While I've mostly adjusted well to sheltering in place, some parts have been tough. I miss socializing and crafting at MakeHaven. I miss visiting bookstores downtown. I miss sitting on other people's comfortable chairs, although I ordered some bean bags that may help.
One thing I'm surprised I miss a lot, being an introverted shut-in most of my life, are the people I know. Being away from them has made me think more about who they are and why I admire them. So I thought I'd write about one of those people here to better remember them until we meet again.
This person is Meagan, a manager at a local soup kitchen. I miss Meghan since she's in the business of helping others, and does so as one of the most "tough as nails" people I know.
A Soup Kitchen Service with Meghan #
As I first got to know Meghan, she seemed full of odd contradictions.
After a few nights of meeting an aggressive panhandler in the city, I asked Meghan how she handles people like that. She told me she doesn't carry cash altogether to avoid giving any out on the street. Yet she also lets soup kitchen guests charge their iPhones in the building's outlets. Some guests who arrive late eat next to these outlets to charge while they eat.
Meghan is also an almost magical cook. She can turn any kind of food, fresh or leftover, into a meal fit to serve dozens. These are the meals given out for free to a wide variety of people most nights. She knows many of them by name and will point out which ones are sweet.
When new volunteers are serving this food, these guests will try to take advantage of them for larger portions or second helpings. New volunteers are told to say they can't give people extra food since "that's Meagan's rule." Every guest, no matter how loud or pleading they acted, will nod at that and move on. They know she's not afraid to lay down the law to their faces.
She's a woman who can intuitively tell if a guest was banned, is high, or both. One man who was both was being served one night and turned his face away from Meagan whenever she looked. But she knew from the start who he was and what he was on. She's also let it slide since he wasn't causing any more trouble that night. But I saw her eyes harden slightly whenever she looked and he averted his face from her.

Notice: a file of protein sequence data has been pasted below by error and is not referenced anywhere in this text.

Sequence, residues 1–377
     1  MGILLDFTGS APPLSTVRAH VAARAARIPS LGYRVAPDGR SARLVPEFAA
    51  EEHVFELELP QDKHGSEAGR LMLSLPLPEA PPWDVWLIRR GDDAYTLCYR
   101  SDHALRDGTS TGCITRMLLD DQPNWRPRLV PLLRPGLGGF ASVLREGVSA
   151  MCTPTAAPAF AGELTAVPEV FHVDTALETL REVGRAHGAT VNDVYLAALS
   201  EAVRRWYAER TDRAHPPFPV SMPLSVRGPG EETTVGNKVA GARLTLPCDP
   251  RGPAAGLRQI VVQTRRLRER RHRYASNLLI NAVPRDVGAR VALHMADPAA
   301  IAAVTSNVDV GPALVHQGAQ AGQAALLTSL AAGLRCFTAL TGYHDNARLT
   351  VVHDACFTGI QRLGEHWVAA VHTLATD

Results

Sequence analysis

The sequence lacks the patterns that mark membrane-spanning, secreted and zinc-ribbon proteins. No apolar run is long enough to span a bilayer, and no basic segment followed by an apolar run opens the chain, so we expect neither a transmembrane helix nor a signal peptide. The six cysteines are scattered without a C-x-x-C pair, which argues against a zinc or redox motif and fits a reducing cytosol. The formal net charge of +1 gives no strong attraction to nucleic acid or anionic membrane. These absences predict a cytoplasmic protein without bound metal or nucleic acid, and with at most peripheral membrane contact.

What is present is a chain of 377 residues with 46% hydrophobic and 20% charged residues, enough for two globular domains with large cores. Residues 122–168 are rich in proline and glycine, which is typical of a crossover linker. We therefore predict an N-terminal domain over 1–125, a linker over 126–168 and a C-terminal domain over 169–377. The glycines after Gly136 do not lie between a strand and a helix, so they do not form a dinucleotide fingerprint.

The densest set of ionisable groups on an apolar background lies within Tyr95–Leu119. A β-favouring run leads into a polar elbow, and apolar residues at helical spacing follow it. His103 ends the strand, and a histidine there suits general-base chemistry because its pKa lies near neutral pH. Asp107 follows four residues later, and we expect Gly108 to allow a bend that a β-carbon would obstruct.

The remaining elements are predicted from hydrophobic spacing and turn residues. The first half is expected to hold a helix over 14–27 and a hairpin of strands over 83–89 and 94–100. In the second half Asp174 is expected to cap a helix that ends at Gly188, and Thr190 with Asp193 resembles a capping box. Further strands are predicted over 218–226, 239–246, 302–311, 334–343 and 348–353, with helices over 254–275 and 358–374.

I can only imagine what she'd have done if he didn't behave himself, although I don't really need to. One night two men started yelling at each other and a fight broke out. One was literally swinging a stool around. Eventually Meghan stepped forward and yelled them down. The men were still mad but the fight instantly fizzled out. The stool swinger who apparently started it was banned.
Yes, grown men swinging stools have cowered before her presence. The non-stool swinger was also chatting with her early on at that night's service. He brought his two dogs in, and let her and the volunteers pet them behind the counters. After service ended she let them run around the empty space, sniffing out corners and playing fetch.
Like everyone there she laughed and found the dogs cute. Even when one had an "accident" on one of the mats.
The Importance of Firm Limits when Helping #
To me, Meagan is a woman who has seen firsthand, perhaps more than anyone I know, that doing good things can spiral into someone walking all over you. Others may think this means it's not worth doing anything good at all. I think Meagan instead sees the importance of being firm with your limits for helping, in life and in work. This lets her give as much as she can without sacrificing herself. To do those few good things you can and as well as you can, but refuse to let people take even more. To help keep others warm without setting oneself on fire.
I think that trait has let Meagan help more people than most of us will in their lifetimes. To me, she's a reminder that selfishness and selflessness aren't a binary choice.
They're a balance that, when properly struck, help others and ourselves as much as possible.